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Tamiya 60308 1/32 McDonnell Douglas F-4J Phantom II Marines

Tamiya 60308 1/32 McDonnell Douglas F-4J Phantom II Marines

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About the McDonnell Douglas F-4J Phantom II Marines

When test pilot Robert C. Little prepared to take off in the YF4H-1 prototype on May 27, 1958, few onlookers could have guessed at the success story yet to unfold. Over thirty years from that faithful day, the successors of that prototype, the Phantom series of aircraft, would be protecting the skies over the free world and see adoption by eleven nations including the U.S. Navy, Air Force and Marines. The Phantom II was developed by McDonnell Douglas and first pitted against Vought's F8U-3 Crusader III to see which aircraft would be the Navy's next main carrier-borne fighter. In 1959, the selection was made in favor of the robust Phantom II. The early production model, the F4H-1F, underwent various tests and training exercises, eventually leading to the F4H-1 model, which was deployed to several Navy and Marine divisions. In 1962, in efforts to unify the names of Navy and Air Force aircraft, the F4H-1F and F4H-1 became designated the F-4A and F-4B respectively.

Just after its adoption by the Navy, the Phantom II showed the world what it was made of, breaking record after record, including top-speed, altitude, and time-to-climb. To top off these results, the U.S. Navy ran Project LANA, a transcontinental speed race. The roman L stood for the number 50, for "50th Anniversary of Naval Aviation". The contest was to demonstrate the Phantom's shocking speed and reach. Based on this impressive track record, and on comparative tests against Air Force fighters at the time, it was decided that the next main fighter of the Air Force would also be the Navy's Phantom II. The F-4B version was specially tailored to the needs of the Air Force, and became designated the F-4C. Further improvements to that aircraft resulted in the F-4D model.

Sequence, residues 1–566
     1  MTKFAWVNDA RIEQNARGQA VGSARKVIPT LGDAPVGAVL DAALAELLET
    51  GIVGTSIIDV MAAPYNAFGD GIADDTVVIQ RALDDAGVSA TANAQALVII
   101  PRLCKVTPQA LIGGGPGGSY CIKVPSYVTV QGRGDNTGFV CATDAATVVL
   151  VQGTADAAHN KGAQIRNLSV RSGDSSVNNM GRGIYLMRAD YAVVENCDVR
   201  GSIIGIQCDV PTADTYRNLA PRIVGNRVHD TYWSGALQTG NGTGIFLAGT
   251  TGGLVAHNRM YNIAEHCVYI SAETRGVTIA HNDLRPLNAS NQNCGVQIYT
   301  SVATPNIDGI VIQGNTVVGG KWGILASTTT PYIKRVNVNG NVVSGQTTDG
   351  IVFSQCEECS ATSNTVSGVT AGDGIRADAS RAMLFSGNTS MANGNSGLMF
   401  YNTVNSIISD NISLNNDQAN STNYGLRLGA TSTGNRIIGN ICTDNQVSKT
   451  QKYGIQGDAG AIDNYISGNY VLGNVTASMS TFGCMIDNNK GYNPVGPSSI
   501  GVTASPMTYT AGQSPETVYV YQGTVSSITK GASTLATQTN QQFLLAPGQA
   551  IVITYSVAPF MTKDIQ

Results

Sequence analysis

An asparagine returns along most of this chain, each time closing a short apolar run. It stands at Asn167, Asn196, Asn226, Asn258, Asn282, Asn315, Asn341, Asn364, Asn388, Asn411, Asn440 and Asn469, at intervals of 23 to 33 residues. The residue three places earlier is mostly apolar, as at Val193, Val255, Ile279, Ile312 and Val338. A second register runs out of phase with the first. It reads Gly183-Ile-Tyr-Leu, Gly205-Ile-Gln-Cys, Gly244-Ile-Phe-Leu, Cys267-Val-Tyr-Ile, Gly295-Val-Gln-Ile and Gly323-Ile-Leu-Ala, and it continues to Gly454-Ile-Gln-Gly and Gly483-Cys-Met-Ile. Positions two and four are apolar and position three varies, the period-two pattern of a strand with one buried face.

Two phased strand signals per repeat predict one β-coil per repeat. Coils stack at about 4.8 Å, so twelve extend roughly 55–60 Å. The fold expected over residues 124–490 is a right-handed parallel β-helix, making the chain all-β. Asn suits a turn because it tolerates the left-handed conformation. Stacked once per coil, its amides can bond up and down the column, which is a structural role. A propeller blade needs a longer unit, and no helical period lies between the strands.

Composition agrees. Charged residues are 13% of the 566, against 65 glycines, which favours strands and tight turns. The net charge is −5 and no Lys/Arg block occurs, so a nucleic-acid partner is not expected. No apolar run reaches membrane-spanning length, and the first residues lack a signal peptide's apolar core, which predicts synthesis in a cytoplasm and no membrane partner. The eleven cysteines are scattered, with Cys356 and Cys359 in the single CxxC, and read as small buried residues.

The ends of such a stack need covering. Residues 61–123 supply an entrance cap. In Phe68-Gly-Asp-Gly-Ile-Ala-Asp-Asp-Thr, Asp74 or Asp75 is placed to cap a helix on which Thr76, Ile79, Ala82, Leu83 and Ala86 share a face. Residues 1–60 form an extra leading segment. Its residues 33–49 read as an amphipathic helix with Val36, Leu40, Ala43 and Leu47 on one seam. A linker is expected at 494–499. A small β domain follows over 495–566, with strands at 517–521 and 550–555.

The Navy continued to make improvements to the Phantom II. Mounting the F-4B with an automatic carrier landing system, yet another variant, the F-4G was born. On May 27th, 1966, perhaps the best known of the Navy's Phantoms, the F-4J, made a successful maiden flight. It housed powerful General Electric J-29GE-10 turbo jet engines, the powered-up version of the J-29GE-8 engines used on the F-4B and F-4G. It was also fitted with an AN/AWG-10 radar on its fire-control system and an ASW-11 one-way data-link. Stronger landing gear of vacuum-melted steel fitted with wide tires were added to meet the strict sink rate requirements, and the top and bottom surfaces of the inner wings were slightly bulged out. The Navy's foremost requirement being improved takeoff and landing, the F-4J was added a slot to the stabilator leading edge, which provided tremendous down force at low speeds. This Phantom II was capable of carrying a maximum weapon load of about five tons, which gave it a truly powerful punch. Its main air-to-air armaments consisted of AIM-7 Sparrow and AIM-9 Sidewinder missiles and a 20mm gun pod. AGM-12 Bullpup and AGM-84 Harpoon air-to-surface missiles, as well as various bombs and rockets were also loaded in great numbers. In 1966, the 101st Fighter Squadron of the Navy became the first to be outfitted with the F-4J. Deployment to the Marines soon followed in 1967, with F-4J aircraft outfitting the 334th, 232nd, 235th, and 333rd Fighting Plane Squadrons.